We saw it also in the Galatians passage. Paul often uses the phrase ‘In Christ’, the new life in Christ, as opposed to ‘In Adam’, in the old life or way of living. ‘In Christ’ gets embodied by a new egalitarian social vision, in a new way of relating as Jews/Gentiles, slave/free, male/female – and that keeps getting worked out. We need to ask what ‘in Christ’ might mean in our context, within our social constructions and realties of 2017. You can’t understand Paul, without taking seriously the relationship of Jews and Gentiles in this new body, this new church. This was their big issue. This was as radical a move as one could possibly dare to imagine, that the life, death and resurrection of Jesus would make such a difference that the chosen people of Israel, the heirs to the covenant, would open up and now include the Gentiles in those promises. This was tough work! It is not easy to be a diverse community. So many differences and outright conflicts! Just look at all the passages about food laws and the requirement of circumcision and cultural misunderstandings and conflicts. So many of the passage about justification by grace and faith are argued as the basis and reason for Gentiles now becoming part of the community directly, without the rites and rituals, without it being earned. Everyone is a part of this. Justification by grace is not simply this personal individualistic act extracted from Paul in the Protestant tradition to deal with a troubled conscience, as one author named it, the introspective conscience of the West. (Krister Stendahl, “The Apostle Paul and the Introspective Conscience of the West” in Paul Among Jews and Gentiles, Philadelphia: Fortress, 1976). It is a communal act of becoming one community in Christ, by God’s grace. In Ephesians it is the breaking down of the dividing wall, making both groups one, the near and the far, the Jew and the Gentile. We can all participate in this new life through dying and being raised with Christ. We could look to other examples too of theology and practice coming together – the ministry of reconciliation given to a community in conflict in Corinth. The one body and many members analogies given to a church that wants to fragment into its many parts. The many affirmations of Jesus as Lord, in a context of a minority church living under Roman Empire and Caesar rule and claiming who really is Lord. These are all embodied, lived theology – coherence and contingency bound together - the task we too are called to. In some ways, our current multi-faith, pluralistic world and the questions this raises, is not that different from the multi-faith, pluralistic world Paul wrote letters in.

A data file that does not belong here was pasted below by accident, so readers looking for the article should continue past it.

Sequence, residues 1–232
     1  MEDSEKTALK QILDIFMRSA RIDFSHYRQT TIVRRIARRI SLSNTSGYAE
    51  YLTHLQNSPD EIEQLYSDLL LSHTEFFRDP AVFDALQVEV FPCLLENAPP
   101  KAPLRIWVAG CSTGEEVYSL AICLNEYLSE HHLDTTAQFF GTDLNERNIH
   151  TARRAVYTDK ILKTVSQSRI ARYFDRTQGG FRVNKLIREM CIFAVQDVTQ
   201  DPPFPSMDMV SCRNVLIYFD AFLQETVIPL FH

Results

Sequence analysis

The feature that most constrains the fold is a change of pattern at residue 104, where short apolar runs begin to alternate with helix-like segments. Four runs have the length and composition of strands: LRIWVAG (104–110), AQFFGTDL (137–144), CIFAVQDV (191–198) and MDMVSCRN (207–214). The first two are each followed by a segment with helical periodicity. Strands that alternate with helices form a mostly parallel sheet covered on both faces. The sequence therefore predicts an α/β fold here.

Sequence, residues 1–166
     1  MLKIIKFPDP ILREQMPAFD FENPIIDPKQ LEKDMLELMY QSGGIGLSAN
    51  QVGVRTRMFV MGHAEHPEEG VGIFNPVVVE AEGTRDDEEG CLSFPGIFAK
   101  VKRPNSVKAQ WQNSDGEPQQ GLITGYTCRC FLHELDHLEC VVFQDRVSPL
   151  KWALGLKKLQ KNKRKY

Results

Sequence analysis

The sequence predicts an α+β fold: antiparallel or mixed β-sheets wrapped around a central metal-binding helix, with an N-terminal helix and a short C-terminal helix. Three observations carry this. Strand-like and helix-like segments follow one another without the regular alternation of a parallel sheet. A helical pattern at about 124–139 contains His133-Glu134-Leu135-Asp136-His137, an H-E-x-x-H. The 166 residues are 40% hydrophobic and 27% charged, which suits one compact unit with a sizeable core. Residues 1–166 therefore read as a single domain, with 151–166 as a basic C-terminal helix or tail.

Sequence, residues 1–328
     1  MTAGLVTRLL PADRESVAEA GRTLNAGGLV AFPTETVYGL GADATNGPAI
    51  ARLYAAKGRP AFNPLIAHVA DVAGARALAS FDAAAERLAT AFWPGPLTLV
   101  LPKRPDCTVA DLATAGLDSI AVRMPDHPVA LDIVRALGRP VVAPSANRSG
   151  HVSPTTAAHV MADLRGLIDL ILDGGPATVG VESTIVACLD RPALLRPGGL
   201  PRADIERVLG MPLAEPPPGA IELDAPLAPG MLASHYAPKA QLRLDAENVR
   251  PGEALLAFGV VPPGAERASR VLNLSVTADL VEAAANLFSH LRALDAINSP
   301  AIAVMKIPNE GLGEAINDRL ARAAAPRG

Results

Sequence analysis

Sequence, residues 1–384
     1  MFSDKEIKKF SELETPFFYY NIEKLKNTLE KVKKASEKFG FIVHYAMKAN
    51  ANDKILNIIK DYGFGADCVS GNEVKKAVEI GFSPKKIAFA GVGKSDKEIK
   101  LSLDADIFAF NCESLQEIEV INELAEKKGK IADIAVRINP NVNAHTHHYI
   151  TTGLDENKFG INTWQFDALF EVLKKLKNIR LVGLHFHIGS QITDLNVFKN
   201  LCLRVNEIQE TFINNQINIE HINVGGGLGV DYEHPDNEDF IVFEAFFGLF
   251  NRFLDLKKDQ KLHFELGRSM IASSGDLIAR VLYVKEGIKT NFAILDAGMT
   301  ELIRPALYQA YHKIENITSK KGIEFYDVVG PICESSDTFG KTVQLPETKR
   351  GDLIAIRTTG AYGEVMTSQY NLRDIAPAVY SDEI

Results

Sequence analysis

I want to look at one more passage together. Turn to 1st Corinthians 1. The church in Corinth was perhaps the most in conflict and yet most beloved by Paul. They are arguing over whether to follow Paul or Apollos or Cephas... Peter. There are camps and divisions. Paul’s response to all of this is to proclaim Christ crucified, to share a message about the cross that makes foolish the wisdom of the world, but is the power of God. We read in verse 22 to 25 of the first chapter – ‘For Jews demand signs and Greeks desire wisdom, but we proclaim Christ crucified, a stumbling block to Jews and foolishness to Gentiles, but to those who are the called, both Jews and Greeks, Christ the power of God and the wisdom of God.  For God’s foolishness is wiser than human wisdom, and God’s weakness is stronger than human strength.’ In the midst of conflict, within all the Jewish-Gentile debates, within all the debates and issues we face today, Paul points to weakness, to foolishness, to the cross, to the transformational way of self-sacrifice love as the wisdom and power of God that truly builds the church and makes all the difference in our world. Paul invites us also to die with Christ, and be raised again in new life, and then to live in this way of the cross. This is how we become ‘in Christ.’ The key Scripture for Menno Simons is found in this section, in chapter 3:11 - ‘For no one can lay any foundation other than the one that has been laid; that foundation is Jesus Christ.’ For me this places all of Paul’s letters and words, even those parts of his personality and his debates that might frustrate me, into the context of Jesus and his cross and resurrection. The letters of Paul, the other letters of the New Testament, all stand as a testimony and witness to the power of God within the nitty gritty of real church life. They are a gift. They teach and inspire us to both enter into our own discernment and theological task of making sense of faith in our day, and to do so looking to Jesus. The letters teach us how to do this ‘practical theology’ in our time and space. Maybe we need to start writing more letters again!

Each Biblical letter ends with a final blessing. Hear these words from Ephesians: ‘Peace be to the whole community, and love with faith, from God and the Lord Jesus Christ. Grace be with all who have an undying love for our Lord Jesus Christ.’ Amen.

Let us reflect on this service by hearing some words from this last passage, from 1st Corinthians 2: (Time of Reflection – song Lofty Words by Bryan Moyer Suderman)